I was at the Morgue today; 5 minutes ago to be precise. Today’s trip was different though. I wasn’t going to the cafeteria to buy food neither was I there looking for a nice spot to go pray. All I’d wanted was a nice solitary bench where I could sit alone in silence. Well not exactly in silence because my earphones was busy pumping music into my eardrums and I wasn’t alone since God was right there the entire time.
I found a bench right behind a Bus parked and close enough to the river. I must admit, the whole time I was there I kept fearing the bench would topple over and I’d end up in that river that looked more like a flowing sewage (yup, cleaning up this river in the Capital City doesn’t seem like a priority for our government). I was relieved that the bus hid me properly, I needed that privacy when the tears returned.
I sat there desperately looking for distraction but social media offered all but the social bit today. So I was forced to deal with whatever brought me there.
I looked around and it dawned on me that those people at the Lobby or hanging around cars as they waited for the bodies of their loved ones to be released, would be us people pretty soon. Suddenly their pain resonated with my pain. Yes we all experience grief in varying degrees but there it dawned on me that pain in whatever form should not be belittled. Someone else’s pain might be greater than yours; understandably so, but don’t let that keep you from mourning.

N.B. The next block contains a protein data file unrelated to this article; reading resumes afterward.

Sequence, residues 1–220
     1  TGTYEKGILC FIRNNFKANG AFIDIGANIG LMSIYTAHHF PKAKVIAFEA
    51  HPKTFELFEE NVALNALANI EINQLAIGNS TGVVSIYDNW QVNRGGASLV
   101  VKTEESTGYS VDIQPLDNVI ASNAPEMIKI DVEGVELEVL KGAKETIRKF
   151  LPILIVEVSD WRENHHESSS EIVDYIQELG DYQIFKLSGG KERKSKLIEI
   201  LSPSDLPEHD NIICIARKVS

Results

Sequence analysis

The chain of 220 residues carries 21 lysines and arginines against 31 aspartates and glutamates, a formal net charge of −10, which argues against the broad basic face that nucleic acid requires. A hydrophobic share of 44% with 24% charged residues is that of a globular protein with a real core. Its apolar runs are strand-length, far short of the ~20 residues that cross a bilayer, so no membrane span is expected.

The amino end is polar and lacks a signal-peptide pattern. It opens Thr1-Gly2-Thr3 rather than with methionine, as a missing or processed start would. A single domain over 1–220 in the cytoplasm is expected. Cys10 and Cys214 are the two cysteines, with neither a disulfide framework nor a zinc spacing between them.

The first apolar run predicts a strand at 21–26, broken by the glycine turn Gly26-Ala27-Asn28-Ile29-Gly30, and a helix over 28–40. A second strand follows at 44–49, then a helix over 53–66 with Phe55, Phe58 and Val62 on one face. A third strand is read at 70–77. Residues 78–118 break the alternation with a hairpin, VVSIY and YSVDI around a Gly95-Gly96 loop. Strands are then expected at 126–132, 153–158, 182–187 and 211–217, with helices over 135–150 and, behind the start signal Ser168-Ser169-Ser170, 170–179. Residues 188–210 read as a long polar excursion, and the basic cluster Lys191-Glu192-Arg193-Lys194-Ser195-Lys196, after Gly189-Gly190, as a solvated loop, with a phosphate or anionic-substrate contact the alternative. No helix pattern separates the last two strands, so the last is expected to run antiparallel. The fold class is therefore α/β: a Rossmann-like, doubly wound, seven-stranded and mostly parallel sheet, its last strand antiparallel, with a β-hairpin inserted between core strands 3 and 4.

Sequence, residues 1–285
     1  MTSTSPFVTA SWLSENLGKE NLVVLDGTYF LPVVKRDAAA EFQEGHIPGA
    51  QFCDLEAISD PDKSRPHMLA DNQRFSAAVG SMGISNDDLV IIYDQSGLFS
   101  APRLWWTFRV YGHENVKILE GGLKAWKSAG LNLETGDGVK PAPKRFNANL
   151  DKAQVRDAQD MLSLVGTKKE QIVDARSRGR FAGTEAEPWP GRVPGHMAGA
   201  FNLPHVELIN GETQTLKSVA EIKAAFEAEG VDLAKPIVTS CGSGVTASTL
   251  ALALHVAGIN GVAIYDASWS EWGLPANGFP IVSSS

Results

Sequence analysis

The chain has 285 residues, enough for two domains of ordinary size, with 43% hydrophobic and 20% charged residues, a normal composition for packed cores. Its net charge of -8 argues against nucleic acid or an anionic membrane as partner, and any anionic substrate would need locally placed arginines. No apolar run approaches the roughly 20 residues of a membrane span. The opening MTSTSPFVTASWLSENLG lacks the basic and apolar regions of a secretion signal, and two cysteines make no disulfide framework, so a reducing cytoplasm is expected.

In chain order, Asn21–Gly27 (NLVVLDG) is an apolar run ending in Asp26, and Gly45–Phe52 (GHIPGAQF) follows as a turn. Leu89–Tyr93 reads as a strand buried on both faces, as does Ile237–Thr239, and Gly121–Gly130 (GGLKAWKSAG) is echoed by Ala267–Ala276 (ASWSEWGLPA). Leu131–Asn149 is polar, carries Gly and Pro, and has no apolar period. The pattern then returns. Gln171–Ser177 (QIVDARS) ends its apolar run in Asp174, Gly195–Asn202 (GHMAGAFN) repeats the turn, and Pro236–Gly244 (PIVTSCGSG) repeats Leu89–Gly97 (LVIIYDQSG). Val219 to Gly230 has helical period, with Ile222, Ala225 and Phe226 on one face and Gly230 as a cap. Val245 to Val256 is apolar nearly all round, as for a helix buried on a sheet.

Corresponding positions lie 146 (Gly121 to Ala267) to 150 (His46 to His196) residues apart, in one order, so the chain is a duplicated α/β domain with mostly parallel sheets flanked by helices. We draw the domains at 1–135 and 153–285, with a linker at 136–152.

In no time the tears followed. It’s been hard holding them back today. Of course I have enough questions but I leave those ones for his family to ask; God already has enough of those coming from them and I will not disturb him with more.
There were birds around I suspect, I am sure I heard them at one point or the other when they weren’t muffled by the sounds of cars passing by and the flowing sewage… I mean river, below. I did not hear mourners at the Morgue wailing; no silence reigned today. Not because they weren’t in pain, but today, their pain was borne silently within but it shouted at those of us outside. Their silent pain was too loud to ignore.
In this morgue a variety of people meet- those doing their work hired inside, those taking care of the security outside, those running their cafeteria business, those who came looking for what the cafeteria offered; but the lot that stands out the most: those who have come to begin their final goodbye.
The one thing you won’t fail to pick from here, is how fleeting life is. Life is fragile and has no guarantees.
There were 3 sick people that were the cause of my anxiety yesterday; one is no more today.